At one point in the last week, I almost asked a group of complete strangers if I might join them.
They were involved in an intelligent conversation that included a fair number of F-bombs.
And I've spent much time talking to myself -- and to some of the critters near the Heritage, including an 8-foot-long snake I've named Severus.
Humans need human contact.
Then on Sunday, as I started to milk the first of a fistful of beers at The Tap, Dennis walked in. He's part of the group from The 'Shoe at Upland Brewing, an odd compendium of people who gather and drink beer and joke. Oddest group of people I've ever met. World-class scientists and mechanics and a bison rancher and lawn-care professionals, health care providers and they let in their midst a fat little editor.
So Dennis walks in and joins me for a beer or two. He is a man of few words. Terse and taciturn he calls himself. He says something or asks a question every few minutes and I answer in my best of the Wisconsin Northwoods idiom: "Yeah." Thus the conversation goes. Thankfully as a journalist I'm comfortable in virtually every manner of discussion.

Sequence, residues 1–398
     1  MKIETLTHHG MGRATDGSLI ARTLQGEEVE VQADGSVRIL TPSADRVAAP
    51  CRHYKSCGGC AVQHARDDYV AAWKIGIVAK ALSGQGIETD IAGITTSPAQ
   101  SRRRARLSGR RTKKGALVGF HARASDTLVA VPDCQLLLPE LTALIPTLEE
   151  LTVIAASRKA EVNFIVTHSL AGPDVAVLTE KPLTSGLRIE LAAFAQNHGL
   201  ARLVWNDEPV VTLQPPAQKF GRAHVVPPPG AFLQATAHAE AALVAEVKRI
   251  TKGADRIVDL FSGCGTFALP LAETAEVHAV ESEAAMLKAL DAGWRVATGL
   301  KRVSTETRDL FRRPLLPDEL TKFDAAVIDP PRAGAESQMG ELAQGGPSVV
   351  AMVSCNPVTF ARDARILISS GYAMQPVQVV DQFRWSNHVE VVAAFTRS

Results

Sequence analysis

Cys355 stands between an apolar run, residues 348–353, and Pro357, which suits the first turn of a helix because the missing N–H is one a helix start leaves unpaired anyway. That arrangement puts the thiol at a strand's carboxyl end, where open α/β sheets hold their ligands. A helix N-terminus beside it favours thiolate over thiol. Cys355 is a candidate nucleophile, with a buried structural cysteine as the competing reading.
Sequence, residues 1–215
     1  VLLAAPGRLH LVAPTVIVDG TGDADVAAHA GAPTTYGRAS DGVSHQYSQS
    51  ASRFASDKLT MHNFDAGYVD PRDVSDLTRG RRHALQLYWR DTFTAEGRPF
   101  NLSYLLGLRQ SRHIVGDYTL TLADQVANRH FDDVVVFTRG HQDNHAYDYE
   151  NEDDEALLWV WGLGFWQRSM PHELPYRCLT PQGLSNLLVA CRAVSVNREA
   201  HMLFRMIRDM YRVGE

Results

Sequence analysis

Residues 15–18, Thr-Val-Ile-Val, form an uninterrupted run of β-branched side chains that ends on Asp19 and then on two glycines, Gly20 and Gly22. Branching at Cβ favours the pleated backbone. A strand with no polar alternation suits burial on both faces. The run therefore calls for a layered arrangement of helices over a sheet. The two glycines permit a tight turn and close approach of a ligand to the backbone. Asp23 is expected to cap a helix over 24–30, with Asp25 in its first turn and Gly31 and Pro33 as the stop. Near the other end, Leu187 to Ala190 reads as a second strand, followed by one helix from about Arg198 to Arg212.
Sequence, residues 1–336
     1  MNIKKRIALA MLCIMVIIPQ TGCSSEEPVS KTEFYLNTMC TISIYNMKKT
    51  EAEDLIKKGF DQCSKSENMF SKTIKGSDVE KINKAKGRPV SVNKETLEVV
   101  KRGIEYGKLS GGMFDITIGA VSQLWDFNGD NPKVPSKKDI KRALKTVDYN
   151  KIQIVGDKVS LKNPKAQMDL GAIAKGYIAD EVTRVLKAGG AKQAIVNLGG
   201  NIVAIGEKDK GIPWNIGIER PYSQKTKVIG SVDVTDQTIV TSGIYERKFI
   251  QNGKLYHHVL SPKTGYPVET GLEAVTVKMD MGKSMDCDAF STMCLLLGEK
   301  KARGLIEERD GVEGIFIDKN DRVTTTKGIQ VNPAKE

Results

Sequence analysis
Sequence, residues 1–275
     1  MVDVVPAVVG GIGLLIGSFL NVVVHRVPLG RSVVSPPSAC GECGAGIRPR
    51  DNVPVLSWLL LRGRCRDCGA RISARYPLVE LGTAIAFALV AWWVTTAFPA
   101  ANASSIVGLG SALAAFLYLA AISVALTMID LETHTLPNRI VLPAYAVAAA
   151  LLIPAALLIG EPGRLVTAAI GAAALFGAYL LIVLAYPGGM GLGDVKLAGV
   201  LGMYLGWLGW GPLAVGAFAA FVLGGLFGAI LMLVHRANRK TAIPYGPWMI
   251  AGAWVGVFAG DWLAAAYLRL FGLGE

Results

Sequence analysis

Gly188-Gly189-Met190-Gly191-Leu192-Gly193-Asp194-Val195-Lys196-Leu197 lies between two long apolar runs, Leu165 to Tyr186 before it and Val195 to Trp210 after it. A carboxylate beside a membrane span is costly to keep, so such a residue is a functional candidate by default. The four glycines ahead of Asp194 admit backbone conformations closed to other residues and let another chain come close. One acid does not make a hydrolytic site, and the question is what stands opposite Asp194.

Then Emily and Josh walked in, one of my two Emily reporters at the H-T her significant other who is storing all my worldly goods.
Now we had a party.
We talked and laughed and cajoled. And we promised to do it again soon.
The interaction lifted my heart and the beginning of this week but it made me think back to all the calls I took in Bloomington, complaints of the homeless in seminary park.
The complaints involved a similar theme: the homeless had it too good. They weren't contributing to society, waiting only for money to guy liquor at the Big Red across the street. Or worse. Drugs. They weren't social distancing. In fact, they were laughing. Having a good time. Someone brought a fiddle once and you'd have thought it a weapon of mass destruction. It was like a party. Plus they get free food and a place to stay when cold or wet.
I've never understood the begrudging of the poor in our society. Never will.
Now when I pass by, I think, enjoy what graces you can, my friends.
Peace and grace and human contact unto you my brothers and sisters.